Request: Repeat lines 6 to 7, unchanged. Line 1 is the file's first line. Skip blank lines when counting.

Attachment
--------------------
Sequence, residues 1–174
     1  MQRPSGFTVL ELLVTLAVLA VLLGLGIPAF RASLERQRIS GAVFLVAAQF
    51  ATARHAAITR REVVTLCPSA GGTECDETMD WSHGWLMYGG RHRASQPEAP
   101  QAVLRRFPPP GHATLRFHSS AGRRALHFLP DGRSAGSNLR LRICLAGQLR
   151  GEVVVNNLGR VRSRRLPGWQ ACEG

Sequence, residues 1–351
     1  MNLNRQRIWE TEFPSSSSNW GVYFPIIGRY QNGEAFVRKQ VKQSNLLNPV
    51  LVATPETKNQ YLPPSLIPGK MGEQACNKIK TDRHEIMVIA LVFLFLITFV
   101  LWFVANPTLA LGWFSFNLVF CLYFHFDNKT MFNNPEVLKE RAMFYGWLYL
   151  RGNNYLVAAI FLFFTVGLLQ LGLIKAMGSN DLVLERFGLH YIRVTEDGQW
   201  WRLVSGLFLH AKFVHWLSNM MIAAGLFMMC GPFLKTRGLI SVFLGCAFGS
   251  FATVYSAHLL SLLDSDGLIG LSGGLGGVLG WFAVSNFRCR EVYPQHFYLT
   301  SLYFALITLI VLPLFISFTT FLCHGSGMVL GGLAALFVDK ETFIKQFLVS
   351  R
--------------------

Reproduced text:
Sequence, residues 1–351
     1  MNLNRQRIWE TEFPSSSSNW GVYFPIIGRY QNGEAFVRKQ VKQSNLLNPV